Plants can take their food only in a state of dilute solution. They cannot live and grow without a constant supply of fresh water. Stagnant water is exceedingly deleterious; "no fact is better demonstrated than that agricultural plants cannot thrive, however well manured, so long as their roots are surrounded with stagnant water. The necessity for underdraining rests on these three facts. Not only does underdraining remove all excess of water, and supply it when deficient, but it equalizes the temperature of the soil. In the spring and fall, when a warm soil is so much needed for the germination and maturation of seeds, the thermometer shows that an underdrained soil is several degrees warmer than one that is not drained; while in very hot weather, the case is exactly tho reverse of this. It is a well known fact that vegetation starts much earlier in the spring, and continues later in the fall, on a drained than on an undrained soil.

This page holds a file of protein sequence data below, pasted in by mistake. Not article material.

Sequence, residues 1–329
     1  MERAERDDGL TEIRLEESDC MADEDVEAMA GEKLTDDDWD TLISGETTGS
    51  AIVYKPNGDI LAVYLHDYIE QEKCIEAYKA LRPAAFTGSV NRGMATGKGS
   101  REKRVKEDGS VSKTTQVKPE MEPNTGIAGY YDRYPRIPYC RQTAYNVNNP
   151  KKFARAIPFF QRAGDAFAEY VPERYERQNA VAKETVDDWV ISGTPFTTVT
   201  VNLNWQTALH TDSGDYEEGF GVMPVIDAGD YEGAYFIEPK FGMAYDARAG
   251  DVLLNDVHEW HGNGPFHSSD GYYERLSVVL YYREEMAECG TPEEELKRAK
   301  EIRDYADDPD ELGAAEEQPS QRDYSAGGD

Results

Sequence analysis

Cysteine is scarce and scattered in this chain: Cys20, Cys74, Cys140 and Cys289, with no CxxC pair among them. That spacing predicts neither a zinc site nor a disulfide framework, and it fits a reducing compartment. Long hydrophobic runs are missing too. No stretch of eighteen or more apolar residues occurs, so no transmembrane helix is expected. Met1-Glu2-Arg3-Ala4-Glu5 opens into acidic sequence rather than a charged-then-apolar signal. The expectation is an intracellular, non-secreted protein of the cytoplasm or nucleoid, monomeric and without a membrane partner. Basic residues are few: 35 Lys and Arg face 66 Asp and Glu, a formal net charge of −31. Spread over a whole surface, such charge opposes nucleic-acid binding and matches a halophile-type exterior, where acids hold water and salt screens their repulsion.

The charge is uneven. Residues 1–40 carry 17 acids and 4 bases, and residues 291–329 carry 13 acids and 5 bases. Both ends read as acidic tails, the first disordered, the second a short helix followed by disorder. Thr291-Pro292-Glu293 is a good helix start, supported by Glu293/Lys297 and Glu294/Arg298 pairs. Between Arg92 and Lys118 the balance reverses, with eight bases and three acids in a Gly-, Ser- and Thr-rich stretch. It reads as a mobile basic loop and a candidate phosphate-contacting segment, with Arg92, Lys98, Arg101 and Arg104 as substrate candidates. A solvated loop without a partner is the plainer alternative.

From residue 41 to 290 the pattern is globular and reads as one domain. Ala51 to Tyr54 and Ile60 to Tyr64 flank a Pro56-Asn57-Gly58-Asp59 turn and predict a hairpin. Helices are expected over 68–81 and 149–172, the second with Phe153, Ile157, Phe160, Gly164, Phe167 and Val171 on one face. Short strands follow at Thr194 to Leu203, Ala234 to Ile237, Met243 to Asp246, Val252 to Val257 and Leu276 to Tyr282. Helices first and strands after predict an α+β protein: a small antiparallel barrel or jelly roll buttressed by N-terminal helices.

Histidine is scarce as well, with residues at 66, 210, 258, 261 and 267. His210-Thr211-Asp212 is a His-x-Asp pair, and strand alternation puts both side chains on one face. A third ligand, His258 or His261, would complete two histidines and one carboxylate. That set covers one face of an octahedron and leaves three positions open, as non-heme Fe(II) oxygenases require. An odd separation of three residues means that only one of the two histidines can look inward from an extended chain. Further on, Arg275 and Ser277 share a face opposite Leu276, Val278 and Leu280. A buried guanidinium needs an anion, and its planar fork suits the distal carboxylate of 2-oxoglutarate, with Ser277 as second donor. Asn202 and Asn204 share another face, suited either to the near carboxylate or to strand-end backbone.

But beside the beneficial mechanical effect on the soil, underdraining has great chemical action. The removal of stagnant water and the free admission of air in its stead, accelerates the disintegration of minerals as well as the decomposition of organic matter in the soil, rendering them both available as food for plants. Again, the rain, as it falls and filters through a well-drained, loamy soil, carries to the plants one of the most needed and expensive of all the constituents of cereal crops. Our readers need not be told that we mean ammonia. In our article on the Plowing in of Green Crops, in the June number of 1852, will be found some of our reasons for thinking ammonia the most valuable and necessary ingredient in all wheat soils. The rain water which falls on an acre of land in a year, is estimated to contain over 100 lbs. of ammonia, or sufficient for the growth of 17 bushels of wheat. The recent experiments of WAY and THOMPSON have shown that when ammonia is filtered through a soil containing a good proportion of clay, the ammonia is retained in the soil, and the water passes through free from it. Does this throw no light on the cause of the increased crops following thorough underdraining? The other causes we have mentioned are merely concomitants. It is well known that mechanical texture of soil, moisture, heat, electricity, and sunshine, indispensable as they are, will not grow crops unless the required constituents of plants are present in the soil in proper quantity and quality. Does it throw no light on the beneficial effects of summer-fallow on heavy clays. To our mind it gives a satisfactory explanation to these questions that is consistent with experience and well established scientific principles. It is simply, that the ammonia contained in rain water is retained by the soil as the water slowly percolates through it to the drains beneath. In the case of a summer-fallow, the constant plowing, dragging, &c., divides the particles of the soil, for the first few inches in depth, so line that they are capable of retaining all the ammonia brought to the soil during the year on which it is summer-fallowed. This ammonia it retains for the succeeding wheat crop. But even in this case, if the land needs drainage, (and what land that should be summer-fallowed does not?) the full benefit is not obtained; all the rain which falls in the spring, autumn, and winter, when the soil is fully saturated, passes off in surface water, the ammonia it contains along with it, together with a considerable quantity of matter taken from the soil in mechanical solution.